I think it’s up for debate whether or not the Applicative or Monadic style of Person parser is more readable. But one thing that I do find noteworthy, is that Scala contains a fair amount of syntactic sugar for working with Monads, in the form of for comprehensions. By comparison, Applicatives don’t have any syntactic sugar, and are build using the “standard” syntax of the Scala language, despite this, people have been able to define operators that allow for an elegant style when working with Applicatives.

The same statement could be made about Haskell, and “do notation” (Haskell syntactic sugar similar to a for comprehension) vs the <$> and <*> opperators.

Applicative Shortcomings

The downside to working with Applicative rather than Monad, is that it does limit the kinds of Parser that it’s possible to write.

With a Monadic parser, it’s possible to use a result returned early in the parse, in order to decide which of two different parsers to use. This may be best explained by example, let’s throw away our Person case class, and make a more complex Algebraic Data Type (ADT):

In this ADT, a Person always has a firstname and may have a surname. This could possibly be represented by two different styles of command line argument

  • --has-surname --firstname John --surname Doe
  • --firstname John

And we could implement a Parser for this like so:

It is possible to make optional arguments without requiring a Monad, (for example, using typeclasses such as Alternative, which I won’t cover here).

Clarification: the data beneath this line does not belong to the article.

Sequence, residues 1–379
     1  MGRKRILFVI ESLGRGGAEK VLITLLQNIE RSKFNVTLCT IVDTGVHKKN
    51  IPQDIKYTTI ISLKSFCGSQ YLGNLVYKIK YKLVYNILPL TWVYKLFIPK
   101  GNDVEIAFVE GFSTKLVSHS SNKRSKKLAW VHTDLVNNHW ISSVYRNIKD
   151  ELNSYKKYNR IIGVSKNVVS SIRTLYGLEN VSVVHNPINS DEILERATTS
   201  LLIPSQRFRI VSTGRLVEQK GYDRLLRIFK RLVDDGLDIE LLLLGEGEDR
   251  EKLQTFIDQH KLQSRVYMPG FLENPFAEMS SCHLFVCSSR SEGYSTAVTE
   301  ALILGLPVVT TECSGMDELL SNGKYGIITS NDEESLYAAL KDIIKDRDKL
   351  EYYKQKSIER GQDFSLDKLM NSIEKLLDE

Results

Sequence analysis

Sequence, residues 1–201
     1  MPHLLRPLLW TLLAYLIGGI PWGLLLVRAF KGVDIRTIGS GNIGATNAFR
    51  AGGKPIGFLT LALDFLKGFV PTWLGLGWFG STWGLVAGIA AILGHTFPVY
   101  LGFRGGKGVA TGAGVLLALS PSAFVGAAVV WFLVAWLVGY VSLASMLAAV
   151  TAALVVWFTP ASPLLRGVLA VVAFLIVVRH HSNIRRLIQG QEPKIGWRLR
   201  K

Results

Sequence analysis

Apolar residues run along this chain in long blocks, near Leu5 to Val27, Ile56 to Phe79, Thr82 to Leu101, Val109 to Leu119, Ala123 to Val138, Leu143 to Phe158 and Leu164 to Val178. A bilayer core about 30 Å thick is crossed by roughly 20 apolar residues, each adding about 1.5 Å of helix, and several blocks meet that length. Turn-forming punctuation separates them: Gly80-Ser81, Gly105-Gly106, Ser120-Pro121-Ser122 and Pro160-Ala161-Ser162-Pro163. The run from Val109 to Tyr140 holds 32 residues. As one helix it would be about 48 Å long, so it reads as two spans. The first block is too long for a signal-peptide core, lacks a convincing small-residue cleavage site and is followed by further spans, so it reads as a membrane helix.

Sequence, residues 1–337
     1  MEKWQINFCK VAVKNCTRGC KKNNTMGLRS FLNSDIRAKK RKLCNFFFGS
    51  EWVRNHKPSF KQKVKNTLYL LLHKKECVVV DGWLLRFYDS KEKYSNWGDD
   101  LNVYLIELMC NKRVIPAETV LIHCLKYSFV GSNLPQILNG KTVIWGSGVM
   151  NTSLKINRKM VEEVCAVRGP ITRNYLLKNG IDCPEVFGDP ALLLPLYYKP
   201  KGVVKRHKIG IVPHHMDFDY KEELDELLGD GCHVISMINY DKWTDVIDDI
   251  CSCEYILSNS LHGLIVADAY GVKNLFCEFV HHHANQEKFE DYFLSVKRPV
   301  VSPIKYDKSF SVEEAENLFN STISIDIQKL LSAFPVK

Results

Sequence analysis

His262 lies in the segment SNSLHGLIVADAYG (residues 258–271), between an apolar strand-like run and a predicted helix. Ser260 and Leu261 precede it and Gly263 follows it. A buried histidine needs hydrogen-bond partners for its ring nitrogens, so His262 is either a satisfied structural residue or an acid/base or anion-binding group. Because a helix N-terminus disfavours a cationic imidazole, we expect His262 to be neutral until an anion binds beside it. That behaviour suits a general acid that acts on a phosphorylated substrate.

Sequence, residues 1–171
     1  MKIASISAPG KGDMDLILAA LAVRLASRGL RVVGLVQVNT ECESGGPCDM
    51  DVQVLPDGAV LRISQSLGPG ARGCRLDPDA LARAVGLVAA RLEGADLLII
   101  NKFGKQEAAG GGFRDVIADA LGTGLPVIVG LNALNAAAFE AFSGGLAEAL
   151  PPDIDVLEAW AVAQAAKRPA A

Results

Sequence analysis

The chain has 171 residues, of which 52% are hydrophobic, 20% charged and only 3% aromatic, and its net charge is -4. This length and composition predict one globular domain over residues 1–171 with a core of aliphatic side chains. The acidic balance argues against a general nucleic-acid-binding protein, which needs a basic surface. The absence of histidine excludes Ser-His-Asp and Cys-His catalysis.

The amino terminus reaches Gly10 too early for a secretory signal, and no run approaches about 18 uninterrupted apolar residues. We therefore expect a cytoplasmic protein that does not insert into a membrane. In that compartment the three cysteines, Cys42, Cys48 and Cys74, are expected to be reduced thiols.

With that said, the general problem of wanting to vary the Parser used as a function of the values produced earlier on cannot be solved without a Monad.

There is a trade off between Applicative which makes it possible to define classes with more functionality (such as Parsers with usage strings), vs Monad, which gives us more freedom in how we compose our classes together.

This trade off still applies in languages without Monads, Applicatives and other Higher Kinded Types (HKTs). It’s equally possible to define a Parser such as this one in a dynamically typed language such as Python. But it would not be possible to provide both an automatic usage string, and flatMap style composition as part of the same interface.

One of my favourite things about statically typed functional programming, is that it makes this kind of trade off easy to spot.

Appendix

If you want to run the code in this blogpost, it may be helpful to see the build.sbt with the versions that were used to write it:

The code for this blogpost is available on BitBucket, here.

If you liked this blogpost, and can read Haskell, you may be interested in the optparse-applicative library. While optparse-applicative contains vastly more functionality than the parser discussed here, it did provide the inspiration for this post.